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Email: fwilliam,dyyeung,[email protected] Abstract ... Template matching has long been used for printed character recognition. ... characters which have a great variety of handwriting styles, either a tremendous number of templates.

Recognition of Handwritten Digits Using Deformable Models Kwok-Wai Cheung, Dit-Yan Yeung and Roland T. Chin Department of Computer Science, The Hong Kong University of Science and Technology, Clear Water Bay, Hong Kong Email: fwilliam,dyyeung,[email protected]

Abstract Deformable models are used to recognize handwritten characters which have a great variety of handwriting styles. The overall character shape is modeled by a B-spline and individual pixels are modeled by Gaussian functions. Model parameters associated with the spline and the Gaussian functions, together with their relative strength, are estimated using Bayesian inference. Under such a Bayesian framework, classi cation becomes a process of model selection. This approach has been tested using data in a NIST database and the substitution rate (error rate) is about 4%.

1 Introduction Template matching has long been used for printed character recognition. To recognize handwritten characters which have a great variety of handwriting styles, either a tremendous number of templates is required to represent all the possible deformations or we need models that can deform. The latter alternative is more parsimonious and hence more manageable. Using deformable models, highly accurate recognition has been demonstrated using a small subset of a NIST database (about 1,000 digits) [1]. In this paper, we further test our approach using a much larger test set (about 10,000 digits). We demonstrate that such an approach, together with a rejection rule based on class posterior probabilities, can reduce the substitution rate to 4.05% with 9.88% rejection rate. The deformable model approach is especially attractive as it makes integrated segmentation and recognition possible. However, the application of deformable models to recognition is still limited, due mainly to the high computational complexity and scale-up ability. Some possible solutions have been proposed in [2]. Modeling of handwritten digits, which is adopted from [3], is described in Section 2. The algorithms for extraction and classi cation are summarized in Section 3. Some results and discussions can be found in Section 4 and Section 5 concludes the paper.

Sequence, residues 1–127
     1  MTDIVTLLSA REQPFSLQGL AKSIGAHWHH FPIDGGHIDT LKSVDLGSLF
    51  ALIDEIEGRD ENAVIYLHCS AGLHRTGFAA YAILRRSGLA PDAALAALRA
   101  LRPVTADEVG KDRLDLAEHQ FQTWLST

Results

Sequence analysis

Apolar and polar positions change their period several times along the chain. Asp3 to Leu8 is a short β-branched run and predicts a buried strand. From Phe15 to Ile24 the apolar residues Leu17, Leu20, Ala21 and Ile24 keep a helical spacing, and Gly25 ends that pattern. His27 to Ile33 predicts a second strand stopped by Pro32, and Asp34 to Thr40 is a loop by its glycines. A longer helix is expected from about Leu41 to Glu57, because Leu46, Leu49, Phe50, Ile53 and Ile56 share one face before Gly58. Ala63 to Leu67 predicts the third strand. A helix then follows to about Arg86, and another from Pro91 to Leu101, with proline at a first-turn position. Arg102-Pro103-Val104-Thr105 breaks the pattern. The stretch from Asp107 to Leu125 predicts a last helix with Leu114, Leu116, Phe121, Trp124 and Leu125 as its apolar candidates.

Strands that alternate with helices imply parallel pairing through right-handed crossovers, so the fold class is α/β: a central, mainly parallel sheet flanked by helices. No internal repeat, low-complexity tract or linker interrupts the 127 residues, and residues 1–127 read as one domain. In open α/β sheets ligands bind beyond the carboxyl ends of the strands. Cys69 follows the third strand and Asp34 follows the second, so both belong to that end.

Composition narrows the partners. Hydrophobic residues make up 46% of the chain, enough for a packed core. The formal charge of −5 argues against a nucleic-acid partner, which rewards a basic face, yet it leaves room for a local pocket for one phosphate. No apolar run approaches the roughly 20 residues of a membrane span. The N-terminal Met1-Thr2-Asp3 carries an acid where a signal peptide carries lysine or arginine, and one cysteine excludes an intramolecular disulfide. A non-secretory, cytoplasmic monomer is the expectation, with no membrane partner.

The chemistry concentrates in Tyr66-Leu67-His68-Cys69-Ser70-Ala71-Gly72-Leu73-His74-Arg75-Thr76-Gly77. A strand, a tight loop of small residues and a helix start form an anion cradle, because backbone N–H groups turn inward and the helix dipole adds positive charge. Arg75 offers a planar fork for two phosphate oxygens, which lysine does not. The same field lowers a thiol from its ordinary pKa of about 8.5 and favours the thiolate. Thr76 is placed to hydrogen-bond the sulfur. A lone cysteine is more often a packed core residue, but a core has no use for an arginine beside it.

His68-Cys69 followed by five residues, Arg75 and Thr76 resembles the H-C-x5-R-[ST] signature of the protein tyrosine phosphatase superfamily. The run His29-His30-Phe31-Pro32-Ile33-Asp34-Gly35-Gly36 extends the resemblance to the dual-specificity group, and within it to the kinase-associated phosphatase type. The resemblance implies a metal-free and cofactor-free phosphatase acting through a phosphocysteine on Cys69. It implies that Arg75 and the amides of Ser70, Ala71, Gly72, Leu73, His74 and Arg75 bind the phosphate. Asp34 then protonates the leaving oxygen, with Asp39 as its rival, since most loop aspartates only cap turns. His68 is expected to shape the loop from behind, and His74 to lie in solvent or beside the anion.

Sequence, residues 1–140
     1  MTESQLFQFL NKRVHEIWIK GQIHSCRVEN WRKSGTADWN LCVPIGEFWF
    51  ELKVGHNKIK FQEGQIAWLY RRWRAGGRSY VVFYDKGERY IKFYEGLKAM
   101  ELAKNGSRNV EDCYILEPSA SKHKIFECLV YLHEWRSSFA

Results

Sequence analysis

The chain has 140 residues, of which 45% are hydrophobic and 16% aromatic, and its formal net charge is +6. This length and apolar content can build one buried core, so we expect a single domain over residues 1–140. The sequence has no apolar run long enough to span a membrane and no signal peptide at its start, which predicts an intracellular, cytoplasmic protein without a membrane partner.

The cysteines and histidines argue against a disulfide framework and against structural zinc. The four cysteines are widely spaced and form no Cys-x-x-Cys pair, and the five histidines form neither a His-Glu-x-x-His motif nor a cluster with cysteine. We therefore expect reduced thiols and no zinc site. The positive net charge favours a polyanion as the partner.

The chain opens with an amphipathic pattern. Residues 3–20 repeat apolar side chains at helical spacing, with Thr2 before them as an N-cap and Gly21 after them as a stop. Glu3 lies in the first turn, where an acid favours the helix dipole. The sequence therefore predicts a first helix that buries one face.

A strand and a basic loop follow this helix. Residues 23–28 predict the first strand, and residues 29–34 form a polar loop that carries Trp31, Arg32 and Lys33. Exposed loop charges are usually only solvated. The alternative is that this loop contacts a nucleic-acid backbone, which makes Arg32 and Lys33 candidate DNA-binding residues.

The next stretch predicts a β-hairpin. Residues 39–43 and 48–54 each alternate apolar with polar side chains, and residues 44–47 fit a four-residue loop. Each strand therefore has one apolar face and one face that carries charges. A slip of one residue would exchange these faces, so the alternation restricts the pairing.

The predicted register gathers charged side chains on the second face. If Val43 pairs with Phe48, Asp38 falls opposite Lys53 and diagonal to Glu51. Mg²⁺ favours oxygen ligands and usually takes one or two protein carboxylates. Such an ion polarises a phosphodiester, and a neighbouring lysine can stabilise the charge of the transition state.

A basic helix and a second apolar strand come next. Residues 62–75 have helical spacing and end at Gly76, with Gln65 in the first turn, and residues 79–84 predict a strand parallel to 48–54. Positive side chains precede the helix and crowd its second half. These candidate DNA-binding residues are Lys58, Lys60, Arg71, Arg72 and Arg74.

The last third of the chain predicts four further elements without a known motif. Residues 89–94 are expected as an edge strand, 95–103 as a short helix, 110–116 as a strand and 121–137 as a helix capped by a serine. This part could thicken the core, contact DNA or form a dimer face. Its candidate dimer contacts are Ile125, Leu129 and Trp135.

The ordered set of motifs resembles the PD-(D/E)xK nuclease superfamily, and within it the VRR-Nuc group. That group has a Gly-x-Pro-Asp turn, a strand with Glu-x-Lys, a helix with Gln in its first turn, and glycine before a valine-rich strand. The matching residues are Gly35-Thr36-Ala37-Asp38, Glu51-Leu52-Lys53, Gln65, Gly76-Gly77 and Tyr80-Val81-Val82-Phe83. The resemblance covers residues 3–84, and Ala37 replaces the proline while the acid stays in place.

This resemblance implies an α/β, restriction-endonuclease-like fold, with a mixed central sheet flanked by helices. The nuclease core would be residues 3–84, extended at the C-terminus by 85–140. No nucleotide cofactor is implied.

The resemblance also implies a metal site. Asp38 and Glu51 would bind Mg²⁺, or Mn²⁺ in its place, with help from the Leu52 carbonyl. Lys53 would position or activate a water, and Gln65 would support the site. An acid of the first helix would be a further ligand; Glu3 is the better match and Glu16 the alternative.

2 Modeling Deformable models are formulated by a model deformation energy function and a data-mis t energy function. Using the Gibbs distributions, they can equivalently be represented by probability distributions. Under a Bayesian framework, the model deformation energy is regarded as the prior distribution for the model parameters and the data-mis t energy is regarded as the likelihood function. Optimal feature extraction then becomes parameter estimation, which, in our case, is done by iteratively deforming the digit model to t the input imagery data, while classi cation becomes a model selection problem [4].

2.1 Deformation Model (Prior Distribution)

Handwritten characters are modeled as splines, which are parameterized by a small set of k control points. The degree of deformation, referred to as deformation energy, Ew (w), is measured by the Mahalanobis distance of the control point vector, w 2

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